To the editor:
Remember the letter a few weeks ago in the Beach Observer wishing the fellow, Ronn James, luck opening a "Fruit Stand and Performing Arts Dinner Theater" in the old Church just over the Bridge?
Well, a sign appeared about a week or two after that letter and a supporting article in another local newspaper. The sign said, "Old Mission Playhouse and Produce Market," but it is gone now without ever producing a single show, and the Church has reverted back to its former stature as a vacant and forlorn building.
The letter writer did more than just wish the wanna-be Arts promoter good luck, she also warned about the innumerable zoning laws that would prevent him from ever getting off the ground. I know about this because I funded the Purple Heart Theater and produced over a hundred quality events on Estero Island for a period of about 10 years.
Right to this day I receive calls and inquiries as to why there is no blues festival or Grammy-winning artists coming to the Beach or regular arts programming. While there are many factors to cite for this lack, the most outstanding one is quite simple. Our society is increasingly difficult for start-ups and it is designed to discourage private arts development while encouraging public sector art.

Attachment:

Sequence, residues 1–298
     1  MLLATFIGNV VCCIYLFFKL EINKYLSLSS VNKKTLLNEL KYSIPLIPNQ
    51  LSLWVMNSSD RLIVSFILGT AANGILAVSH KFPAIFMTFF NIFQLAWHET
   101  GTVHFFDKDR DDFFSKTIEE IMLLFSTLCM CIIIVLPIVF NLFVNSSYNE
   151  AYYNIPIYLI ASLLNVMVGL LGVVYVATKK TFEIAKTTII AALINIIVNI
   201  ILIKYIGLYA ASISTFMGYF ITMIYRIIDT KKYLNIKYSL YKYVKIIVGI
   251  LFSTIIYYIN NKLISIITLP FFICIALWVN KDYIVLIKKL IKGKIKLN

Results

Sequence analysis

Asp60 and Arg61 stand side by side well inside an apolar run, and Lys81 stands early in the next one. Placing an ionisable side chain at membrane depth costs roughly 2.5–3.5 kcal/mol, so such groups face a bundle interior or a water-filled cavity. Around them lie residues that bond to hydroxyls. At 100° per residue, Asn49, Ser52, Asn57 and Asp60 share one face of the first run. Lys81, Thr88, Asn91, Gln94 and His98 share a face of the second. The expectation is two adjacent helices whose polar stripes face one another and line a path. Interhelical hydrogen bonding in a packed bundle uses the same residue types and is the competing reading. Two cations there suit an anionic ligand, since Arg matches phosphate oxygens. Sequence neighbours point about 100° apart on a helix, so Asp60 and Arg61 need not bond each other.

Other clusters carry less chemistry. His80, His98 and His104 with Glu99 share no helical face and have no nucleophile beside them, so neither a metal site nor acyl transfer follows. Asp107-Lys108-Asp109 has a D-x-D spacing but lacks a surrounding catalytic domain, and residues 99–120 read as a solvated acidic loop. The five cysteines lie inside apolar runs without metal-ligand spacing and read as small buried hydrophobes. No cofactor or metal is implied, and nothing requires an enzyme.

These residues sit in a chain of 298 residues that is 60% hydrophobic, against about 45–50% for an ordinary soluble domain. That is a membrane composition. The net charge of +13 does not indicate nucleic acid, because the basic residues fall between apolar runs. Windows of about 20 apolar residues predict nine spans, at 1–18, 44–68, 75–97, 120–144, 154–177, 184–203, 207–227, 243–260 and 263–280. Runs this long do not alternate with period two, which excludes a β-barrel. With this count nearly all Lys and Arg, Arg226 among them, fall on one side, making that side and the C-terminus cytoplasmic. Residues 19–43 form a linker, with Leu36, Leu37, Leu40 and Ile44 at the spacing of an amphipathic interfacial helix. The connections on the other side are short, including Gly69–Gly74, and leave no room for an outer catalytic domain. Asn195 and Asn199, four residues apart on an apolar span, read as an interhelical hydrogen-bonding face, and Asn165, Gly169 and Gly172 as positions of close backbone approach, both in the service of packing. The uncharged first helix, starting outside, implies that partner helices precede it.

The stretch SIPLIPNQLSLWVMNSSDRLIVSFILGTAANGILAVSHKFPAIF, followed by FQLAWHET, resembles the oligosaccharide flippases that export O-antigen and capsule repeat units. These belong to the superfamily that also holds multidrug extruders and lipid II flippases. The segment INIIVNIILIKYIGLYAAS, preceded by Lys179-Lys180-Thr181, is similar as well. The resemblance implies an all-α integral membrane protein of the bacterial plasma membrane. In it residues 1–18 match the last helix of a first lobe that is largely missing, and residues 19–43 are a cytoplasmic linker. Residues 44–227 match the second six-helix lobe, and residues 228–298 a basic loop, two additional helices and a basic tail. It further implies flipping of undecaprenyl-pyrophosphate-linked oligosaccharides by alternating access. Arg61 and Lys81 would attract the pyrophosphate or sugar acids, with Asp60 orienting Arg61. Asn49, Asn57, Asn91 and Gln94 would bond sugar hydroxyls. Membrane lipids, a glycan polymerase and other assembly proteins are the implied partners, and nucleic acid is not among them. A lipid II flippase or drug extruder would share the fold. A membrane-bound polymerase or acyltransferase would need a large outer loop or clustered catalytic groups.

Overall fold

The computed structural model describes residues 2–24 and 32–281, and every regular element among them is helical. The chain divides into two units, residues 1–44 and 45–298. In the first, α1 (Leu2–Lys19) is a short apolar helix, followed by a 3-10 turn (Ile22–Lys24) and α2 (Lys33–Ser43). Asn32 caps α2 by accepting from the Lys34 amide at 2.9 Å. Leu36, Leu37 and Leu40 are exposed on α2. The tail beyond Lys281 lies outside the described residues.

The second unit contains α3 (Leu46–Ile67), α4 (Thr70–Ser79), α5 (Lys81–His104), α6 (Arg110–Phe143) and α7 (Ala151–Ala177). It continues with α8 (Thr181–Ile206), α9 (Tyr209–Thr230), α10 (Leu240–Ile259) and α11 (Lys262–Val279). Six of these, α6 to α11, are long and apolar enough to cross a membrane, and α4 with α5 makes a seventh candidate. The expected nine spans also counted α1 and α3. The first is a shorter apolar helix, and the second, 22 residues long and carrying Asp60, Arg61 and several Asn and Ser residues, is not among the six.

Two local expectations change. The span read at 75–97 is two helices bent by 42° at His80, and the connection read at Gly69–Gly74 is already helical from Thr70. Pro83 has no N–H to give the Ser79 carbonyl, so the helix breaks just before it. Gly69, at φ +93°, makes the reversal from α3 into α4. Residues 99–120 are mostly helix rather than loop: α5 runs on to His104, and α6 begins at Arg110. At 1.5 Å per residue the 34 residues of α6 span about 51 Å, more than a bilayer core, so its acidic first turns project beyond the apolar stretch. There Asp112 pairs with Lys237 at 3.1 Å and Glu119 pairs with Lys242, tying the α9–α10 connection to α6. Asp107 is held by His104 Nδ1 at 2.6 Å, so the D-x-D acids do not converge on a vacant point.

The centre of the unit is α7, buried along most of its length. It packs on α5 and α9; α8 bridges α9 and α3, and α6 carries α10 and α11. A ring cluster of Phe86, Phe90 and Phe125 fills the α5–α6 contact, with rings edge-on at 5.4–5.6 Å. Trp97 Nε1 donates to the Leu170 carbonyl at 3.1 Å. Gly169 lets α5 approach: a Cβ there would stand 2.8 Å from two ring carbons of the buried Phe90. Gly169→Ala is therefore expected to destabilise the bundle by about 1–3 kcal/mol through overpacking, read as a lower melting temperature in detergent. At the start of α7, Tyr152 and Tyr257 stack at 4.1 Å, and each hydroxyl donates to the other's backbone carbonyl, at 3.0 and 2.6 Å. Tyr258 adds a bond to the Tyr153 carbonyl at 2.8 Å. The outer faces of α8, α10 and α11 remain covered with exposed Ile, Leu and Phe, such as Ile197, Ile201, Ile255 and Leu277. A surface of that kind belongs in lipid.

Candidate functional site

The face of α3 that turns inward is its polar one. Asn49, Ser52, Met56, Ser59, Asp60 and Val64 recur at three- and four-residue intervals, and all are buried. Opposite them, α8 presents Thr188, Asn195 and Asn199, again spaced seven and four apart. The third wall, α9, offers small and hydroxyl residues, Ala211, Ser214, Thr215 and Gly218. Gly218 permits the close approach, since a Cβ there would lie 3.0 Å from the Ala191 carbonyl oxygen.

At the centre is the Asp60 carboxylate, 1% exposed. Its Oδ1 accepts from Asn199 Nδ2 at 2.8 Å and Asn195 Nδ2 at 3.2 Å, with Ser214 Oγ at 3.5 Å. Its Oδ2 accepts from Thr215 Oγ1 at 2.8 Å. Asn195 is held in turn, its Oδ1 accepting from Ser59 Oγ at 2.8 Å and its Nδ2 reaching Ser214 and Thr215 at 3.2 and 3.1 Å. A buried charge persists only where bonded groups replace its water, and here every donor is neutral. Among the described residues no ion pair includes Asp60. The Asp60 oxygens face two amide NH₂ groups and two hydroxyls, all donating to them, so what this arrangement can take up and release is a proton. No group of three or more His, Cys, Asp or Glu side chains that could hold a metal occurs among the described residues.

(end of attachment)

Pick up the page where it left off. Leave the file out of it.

There was a segment on television last week entitled, "Illegal Everything," and it showed little girls and boys facing the wrath of zoning and rules over lemonade stands! If they are targeted and shut down, get a vision of what others face. I remember that Mark List, in his capacity as a "promoter" of the arts was cited in a recent newspaper article as saying his group, the Beach Arts Cooperative, was going to put in "sweat equity" to help James get going. Unfortunately, they never got the chance.
It takes a huge commitment to produce anything these days and some real wrangling to get past the voluminous rules and regulations necessary to even open a new door. This has not only hurt the entrepreneurial spirit that made our country great, it has also reduced the number of jobs that could be created in these enterprises for locals to work. In the instant case it has reduced the number and quality of available performances for our locals. While I decry these developments, like in all things the pendulum will one day swing back the other way. But it may be too late for many alive today to witness.
Fort Myers Beach
Conley was the founder of the Island Arts Foundation and served on the Board of the Lee County Alliance for the Arts.